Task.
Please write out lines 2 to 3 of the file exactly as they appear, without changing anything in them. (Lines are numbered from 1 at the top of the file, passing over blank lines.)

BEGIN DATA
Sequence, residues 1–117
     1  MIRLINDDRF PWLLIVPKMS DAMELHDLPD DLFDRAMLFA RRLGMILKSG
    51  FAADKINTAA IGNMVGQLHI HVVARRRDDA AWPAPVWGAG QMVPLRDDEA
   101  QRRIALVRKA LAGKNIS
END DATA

     1  MIRLINDDRF PWLLIVPKMS DAMELHDLPD DLFDRAMLFA RRLGMILKSG
    51  FAADKINTAA IGNMVGQLHI HVVARRRDDA AWPAPVWGAG QMVPLRDDEA